good deal. i’m with you on the 7 years, 7 plagues, too much of a coincedence. people have to realize the climate changes over long terms. 100 years ago you couldn’t grow a weed in texas. then a rainy period came along of about 40 years. since then its been slowly going down hill. i think the mayans, aztec, anastasi all perished because of prolonged drought that they hadn’t prepped for. i don’t want to be like them, plus, i might have to feed my militia platoon 😉

  5. Jamie says:

    river, I have a book that talked about the the long droughts going back in time to the Anizazis as well as the Mayans and Aztecs along with our own 1930’s Dust Bowl in the Americas and the average of 7 years tends to happen a lot in history. If you look at many of the cycles like locust, rabbits, predators in nature the 7 year cycle is repeated a lot. Perhaps it is a natural cycle of the land to bring nature back into balance, but it is seems to be to constant to be ignored. There is always a die off be it animals or humans but the survivors are the ones that adapt and or plan ahead.
    Kind of sad us humans seem to need the same lessons again and again even though we have history to look back on to assist our planning. Rabbits don’t have a written history that I know of and go through this cycle and they some how manage to survive as a species. I think us humans as a species will survive it’s just going to suck as we learn some basic truths again and we don’t have any excuse to fall back on but hubris and willfull ignorance.

  6. Karen says:

    I agree with everything said here, but I can’t even imagine 7 years of food for my immediate family-6 adults and 2 kids. Oh well, I’ll just keep chugging along-maybe dig a root cellar?

    • Jamie says:

      Karen I agree it’s a heck of a lot of stuff, I think about the best a person can do is try to get 7 years worth of beans, grain and rice. Then add fruits and veggies that you grow yourself.

      I read about a guy that would store his grain for beer making in 55 gallon metal drums in his garage and even though the temp varied a lot, he didn’t notice any drop in quality.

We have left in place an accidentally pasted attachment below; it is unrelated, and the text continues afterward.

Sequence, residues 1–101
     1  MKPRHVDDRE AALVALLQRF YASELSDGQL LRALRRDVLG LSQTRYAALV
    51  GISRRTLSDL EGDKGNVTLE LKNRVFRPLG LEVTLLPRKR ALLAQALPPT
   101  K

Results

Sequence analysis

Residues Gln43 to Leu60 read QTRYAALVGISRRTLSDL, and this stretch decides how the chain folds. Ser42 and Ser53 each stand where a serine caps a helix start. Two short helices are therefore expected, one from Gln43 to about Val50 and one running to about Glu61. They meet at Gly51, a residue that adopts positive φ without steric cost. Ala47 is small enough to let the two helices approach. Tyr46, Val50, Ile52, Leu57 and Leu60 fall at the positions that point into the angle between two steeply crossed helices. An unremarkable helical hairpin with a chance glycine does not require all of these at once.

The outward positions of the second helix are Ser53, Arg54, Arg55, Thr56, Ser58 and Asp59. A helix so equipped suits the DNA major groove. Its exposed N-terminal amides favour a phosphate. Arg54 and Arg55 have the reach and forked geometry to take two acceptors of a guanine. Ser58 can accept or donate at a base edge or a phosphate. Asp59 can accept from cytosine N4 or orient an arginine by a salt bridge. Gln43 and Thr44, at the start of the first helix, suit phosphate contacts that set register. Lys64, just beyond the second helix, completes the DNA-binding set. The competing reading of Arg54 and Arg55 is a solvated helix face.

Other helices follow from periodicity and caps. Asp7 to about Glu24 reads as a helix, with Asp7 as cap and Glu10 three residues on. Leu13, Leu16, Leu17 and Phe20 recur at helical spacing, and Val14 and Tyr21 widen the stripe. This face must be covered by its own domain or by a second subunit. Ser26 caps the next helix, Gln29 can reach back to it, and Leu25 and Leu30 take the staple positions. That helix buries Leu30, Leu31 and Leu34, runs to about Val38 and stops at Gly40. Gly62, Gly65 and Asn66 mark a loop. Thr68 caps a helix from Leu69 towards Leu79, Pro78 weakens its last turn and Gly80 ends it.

A 55 gallon drum will hold about 350 pounds of grain and you can fit about 4 of those drums on a pallet. If you filled the drum with 100 pounds of Wheat, 100 pounds of oats or dent corn, 100 pounds of rice that would cover the grains for 1 person for a year. The last 50 pounds would be beans. That would be about the best I think an average person could store for a bunch of people for the long time frame.

      • riverrider says:

        j, roger that, and those 6 gal superpails stack well too. lotta bita food in a superpail:) stack it and forget it!

  7. Jamie says:

    Karen: now you have done it! Now I want to figure out how to do four 55 gallon metal drums on a pallet. Make 2 of the drums Grains, one drum rice and last but not least one drum of beans. Theoretically that woud be about 1400 pounds total of the basic staples and based on 300 pounds of grain/rice and 100 pounds of beans per person per year that is over 3 years worth for 1 person

  8. Karen says:

    Just did a real quick search- the 55 gallon drums aren’t terribly expensive-very doable!

    • Jamie says:

      Karen, the more I think about this idea of storing bulk goods in 55 gallon drums the smarter and more practical it seems to be. When I changed my water from the soda bottles to the big blue 55-60 gallon water barrels and 4 of those barrels fit on a 4 foot x 4 foot pallet with just a little bit of the barrels hanging over the edge of the pallet. I freed up a heck of a lot of floor space in my basement compared to storing the bottles in a double layer. Plus I was able to store a lot more water with a smaller “footprint”.
      A person could add a sheet of Plywood or fiberboard on top and you could make a start for a storage shelf and counter top/ work space. Or you could add a mattress and bedding for an additional sleep area on top of the barrels.
      With all that mass of grain and water it might even make a respectable start for a bunker/safe area in case of a tornado/hurricane, if you left a little space between the pallets. Have a couple of tie down/ rachet straps to hold the plywood sheet to the pallets and a few bags of sand/salt for overhead protection tossed on when you get a “Storm” warning. Not perfect, but better than just huddling in the bathtub if you don’t have a saferoom or storm cellar.
      If you are storing all the food in food safe bags, use DE and have the barrels up on pallets I don’t think you would have much of a moisture or rusting problems using the metal barrels/drums.